Another room housed a miniature representation of Noah’s Ark, complete with small plastic animals (lions, tigers…a dragon…and a dangling Santa Clause. No joke.) on a rotating conveyor belt, continuously filtering into the ark. And then things just got more random. Moussa must have been a collector of old irons, because in many of the rooms, there were multiple irons, arbitrarily placed on the floor. There were also large wax hands and large wax feet that kept popping up in display cases and on the floors of exhibits. What the what?!?

The room pictured below featured wall mosaics with a waterfall running over their surface, a stuffed peacock, irons on the floor, guns on the wall, an old woman carrying rope…etc. Ummmm….Why??? I don’t get it.

L1010132

I don't get it...

Oh and it’s not over yet…then the gun collection began! I told you, surreal dream of a 10-year-old boy – castle, awesome wax people, and guns! Well surreal dream of a 10-year-old boy manifested in the reality of a 70-year-old man….At least 15 rooms packed with guns followed. Random wax hands and feet were still thrown into some of the exhibits for good measure, alongside the occasional large display case of daggers, swords and Bedouin jewelry. I felt like I should have been high or tripping on acid to really appreciate this place.

Bellies aching from laughing and mouths sore from gaping at the bizarre wonder that is Castle Moussa, we all packed ourselves into a shared taxi and headed back to Beirut. But the day wasn’t over yet!  A shower and a quick nap later, I headed over to Ferdinand, a small bar on Rue Mahatma Gandhi for Ozge’s farewell party.

Me, Omar and Ozge at Ferdinand - the three best Arabic students ALPS has ever known, and my two closest friends here in Beirut

Me, Omar and Ozge at Ferdinand - the three best Arabic students ALPS has ever known, and my two closest friends here in Beirut

Ozge’s co-workers and friends – many of whom are my flat mates (small world!) – filtered in over the course of the night and we all sipped wine and beer, talked and laughed until finally fatigue pulled us all home to our beds. What a day!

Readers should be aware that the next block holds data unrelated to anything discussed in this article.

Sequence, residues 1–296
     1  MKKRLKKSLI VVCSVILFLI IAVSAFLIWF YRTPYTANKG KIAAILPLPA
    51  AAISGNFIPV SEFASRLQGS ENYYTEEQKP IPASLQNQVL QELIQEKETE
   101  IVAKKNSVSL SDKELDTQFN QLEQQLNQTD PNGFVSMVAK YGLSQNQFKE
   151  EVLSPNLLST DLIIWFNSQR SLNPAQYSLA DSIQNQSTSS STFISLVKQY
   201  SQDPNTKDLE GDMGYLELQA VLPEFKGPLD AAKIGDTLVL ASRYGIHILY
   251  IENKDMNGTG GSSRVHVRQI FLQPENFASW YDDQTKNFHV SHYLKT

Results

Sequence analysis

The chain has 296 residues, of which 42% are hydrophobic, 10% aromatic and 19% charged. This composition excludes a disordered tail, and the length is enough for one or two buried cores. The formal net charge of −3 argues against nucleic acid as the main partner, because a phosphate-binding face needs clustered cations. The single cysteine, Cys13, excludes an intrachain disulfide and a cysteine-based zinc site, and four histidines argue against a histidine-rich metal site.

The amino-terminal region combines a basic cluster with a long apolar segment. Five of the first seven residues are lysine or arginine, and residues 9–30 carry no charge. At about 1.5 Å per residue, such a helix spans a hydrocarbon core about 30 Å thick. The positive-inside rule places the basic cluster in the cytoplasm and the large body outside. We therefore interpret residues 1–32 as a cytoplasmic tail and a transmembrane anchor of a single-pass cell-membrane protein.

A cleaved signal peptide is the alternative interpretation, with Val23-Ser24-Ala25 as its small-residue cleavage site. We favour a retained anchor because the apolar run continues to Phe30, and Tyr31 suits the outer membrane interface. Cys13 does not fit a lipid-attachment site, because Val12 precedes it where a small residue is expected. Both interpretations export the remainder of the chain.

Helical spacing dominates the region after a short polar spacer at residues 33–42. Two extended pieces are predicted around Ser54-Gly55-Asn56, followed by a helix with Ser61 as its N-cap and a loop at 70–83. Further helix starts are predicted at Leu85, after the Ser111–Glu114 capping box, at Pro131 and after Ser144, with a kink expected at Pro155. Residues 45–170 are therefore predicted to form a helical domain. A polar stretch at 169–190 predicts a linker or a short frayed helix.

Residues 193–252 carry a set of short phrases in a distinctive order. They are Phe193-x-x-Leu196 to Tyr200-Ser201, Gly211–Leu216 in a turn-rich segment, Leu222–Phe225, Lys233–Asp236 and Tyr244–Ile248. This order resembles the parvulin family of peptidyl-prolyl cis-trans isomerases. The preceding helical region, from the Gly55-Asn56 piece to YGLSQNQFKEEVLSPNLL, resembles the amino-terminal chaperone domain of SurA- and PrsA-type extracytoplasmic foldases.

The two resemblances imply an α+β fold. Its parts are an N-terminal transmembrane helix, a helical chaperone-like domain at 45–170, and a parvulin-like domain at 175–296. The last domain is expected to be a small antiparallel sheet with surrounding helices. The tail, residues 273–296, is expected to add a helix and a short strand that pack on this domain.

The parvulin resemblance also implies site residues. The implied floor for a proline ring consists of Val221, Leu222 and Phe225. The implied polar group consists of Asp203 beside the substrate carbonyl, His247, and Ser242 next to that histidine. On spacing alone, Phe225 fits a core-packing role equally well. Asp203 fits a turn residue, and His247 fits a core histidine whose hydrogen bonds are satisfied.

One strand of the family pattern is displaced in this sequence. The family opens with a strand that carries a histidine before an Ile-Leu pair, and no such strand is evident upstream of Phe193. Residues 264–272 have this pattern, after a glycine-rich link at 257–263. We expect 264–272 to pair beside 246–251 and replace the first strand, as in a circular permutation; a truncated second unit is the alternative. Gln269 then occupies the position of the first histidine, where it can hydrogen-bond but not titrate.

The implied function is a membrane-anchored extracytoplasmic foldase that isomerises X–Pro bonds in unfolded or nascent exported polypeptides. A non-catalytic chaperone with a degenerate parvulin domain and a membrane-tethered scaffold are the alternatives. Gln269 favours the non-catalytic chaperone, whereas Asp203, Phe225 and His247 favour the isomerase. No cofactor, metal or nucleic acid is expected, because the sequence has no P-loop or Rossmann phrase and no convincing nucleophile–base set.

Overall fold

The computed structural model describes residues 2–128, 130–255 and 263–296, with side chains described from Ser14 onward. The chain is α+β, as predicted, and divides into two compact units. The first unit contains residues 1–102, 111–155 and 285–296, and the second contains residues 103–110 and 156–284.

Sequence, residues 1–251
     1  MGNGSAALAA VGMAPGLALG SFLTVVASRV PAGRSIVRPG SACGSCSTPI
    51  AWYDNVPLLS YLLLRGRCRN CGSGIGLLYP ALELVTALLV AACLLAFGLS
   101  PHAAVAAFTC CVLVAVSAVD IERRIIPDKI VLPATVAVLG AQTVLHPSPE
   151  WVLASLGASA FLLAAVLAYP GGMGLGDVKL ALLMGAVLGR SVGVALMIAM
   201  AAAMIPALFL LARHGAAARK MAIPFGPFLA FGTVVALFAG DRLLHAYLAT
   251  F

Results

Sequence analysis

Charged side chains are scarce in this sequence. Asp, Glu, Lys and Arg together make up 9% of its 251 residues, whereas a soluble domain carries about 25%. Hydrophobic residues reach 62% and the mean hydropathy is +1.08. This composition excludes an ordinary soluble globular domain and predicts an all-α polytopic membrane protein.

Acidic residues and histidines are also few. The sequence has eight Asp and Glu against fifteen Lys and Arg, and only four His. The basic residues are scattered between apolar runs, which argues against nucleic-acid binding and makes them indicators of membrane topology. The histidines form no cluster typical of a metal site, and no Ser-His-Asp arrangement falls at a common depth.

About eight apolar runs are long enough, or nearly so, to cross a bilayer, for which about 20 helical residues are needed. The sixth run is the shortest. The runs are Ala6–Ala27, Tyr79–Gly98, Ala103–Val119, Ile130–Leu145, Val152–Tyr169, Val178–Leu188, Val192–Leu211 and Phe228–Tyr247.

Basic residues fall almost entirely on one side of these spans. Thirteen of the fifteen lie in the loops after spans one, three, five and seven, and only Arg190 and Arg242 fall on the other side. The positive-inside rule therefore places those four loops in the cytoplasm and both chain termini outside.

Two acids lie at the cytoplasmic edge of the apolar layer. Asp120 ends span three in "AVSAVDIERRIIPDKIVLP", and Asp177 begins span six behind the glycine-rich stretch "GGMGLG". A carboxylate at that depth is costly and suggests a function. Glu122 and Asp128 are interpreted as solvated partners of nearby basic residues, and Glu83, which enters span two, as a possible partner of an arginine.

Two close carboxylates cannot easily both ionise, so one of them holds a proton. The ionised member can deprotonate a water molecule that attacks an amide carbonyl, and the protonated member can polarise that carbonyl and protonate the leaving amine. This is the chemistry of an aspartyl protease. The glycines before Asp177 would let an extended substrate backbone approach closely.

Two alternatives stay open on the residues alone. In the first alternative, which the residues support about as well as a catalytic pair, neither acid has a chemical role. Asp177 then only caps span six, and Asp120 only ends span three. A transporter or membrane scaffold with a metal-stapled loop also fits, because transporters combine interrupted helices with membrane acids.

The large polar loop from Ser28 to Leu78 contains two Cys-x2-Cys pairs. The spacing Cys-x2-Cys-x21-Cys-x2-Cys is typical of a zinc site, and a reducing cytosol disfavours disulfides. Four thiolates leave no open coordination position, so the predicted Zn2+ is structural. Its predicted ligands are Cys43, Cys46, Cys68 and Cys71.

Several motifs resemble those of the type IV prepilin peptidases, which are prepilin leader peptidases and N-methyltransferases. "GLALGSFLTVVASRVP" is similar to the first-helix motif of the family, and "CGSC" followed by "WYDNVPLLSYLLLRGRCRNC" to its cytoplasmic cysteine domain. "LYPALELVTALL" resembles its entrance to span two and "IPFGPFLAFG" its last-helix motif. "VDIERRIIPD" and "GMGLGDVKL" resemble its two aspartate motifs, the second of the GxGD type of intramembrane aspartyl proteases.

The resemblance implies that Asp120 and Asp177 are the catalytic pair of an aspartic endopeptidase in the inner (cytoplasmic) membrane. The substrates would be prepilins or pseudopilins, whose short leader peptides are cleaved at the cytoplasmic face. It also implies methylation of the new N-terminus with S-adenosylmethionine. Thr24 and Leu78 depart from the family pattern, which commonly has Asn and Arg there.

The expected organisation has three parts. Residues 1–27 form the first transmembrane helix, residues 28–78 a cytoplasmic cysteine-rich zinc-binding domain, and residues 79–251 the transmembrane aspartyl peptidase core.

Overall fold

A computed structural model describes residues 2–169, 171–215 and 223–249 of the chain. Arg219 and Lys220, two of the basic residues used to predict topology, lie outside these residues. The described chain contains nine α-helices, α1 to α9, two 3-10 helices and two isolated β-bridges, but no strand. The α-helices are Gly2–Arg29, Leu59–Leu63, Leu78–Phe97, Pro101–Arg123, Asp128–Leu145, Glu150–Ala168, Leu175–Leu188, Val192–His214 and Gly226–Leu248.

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Mezze and Wine in the Bekaa Valley

Lebanese Mini-Bus

Lebanese Mini-Bus

This morning, my Turkish friend Ozge (she’s in my Arabic class at ALPS) and I decided to meet up for a quick coffee before hopping on a mini-bus to the town of Zahlé in the Bekaa Valley. Mini-buses aren’t actually buses, but rather, large, white mini-vans.  If you get on the bus at a transport hub, like we did, the driver will wait until the van is full before leaving – otherwise, you’ll make random stops along the way to pick up additional passengers. Once the bus is filled, there’s not really a set route per-say. Instead, there is generally defined final destination and as long as you want to go somewhere that’s more or less on the way to that final destination, the driver will drop you there. 

The drive up to Zahlé cost us 4000 Lira (about $2.50) each and took about an hour and a half. Driving rules and regulations don’t really seem to apply and the bus can get pretty cramped and sweaty, but luckily I got a seat near the window – yesss! Fresh air! Aside from the frequent swerves and break-slamming (I tried to take comfort in the fact that none of the other passengers seemed nervous), the ride up was really pleasant. The driver blasted Arabic music which set a fun mood as we drove up through the mountains and villages east of Beirut and into the Bekaa Valley.

View on the drive to the Bekaa Valley

View on the drive to the Bekaa Valley

valleymap The Bekaa Valley isn’t actually a valley, which is kind of weird. It’s actually a plateau between two mountain ranges in Lebanon. The plateau is this huge agricultural region here in Lebanon – it used to be one the ‘bread baskets’ of Rome.  Today it’s still one of Lebanon’s most important farming regions, and is famous for the delicious, locally produced wine.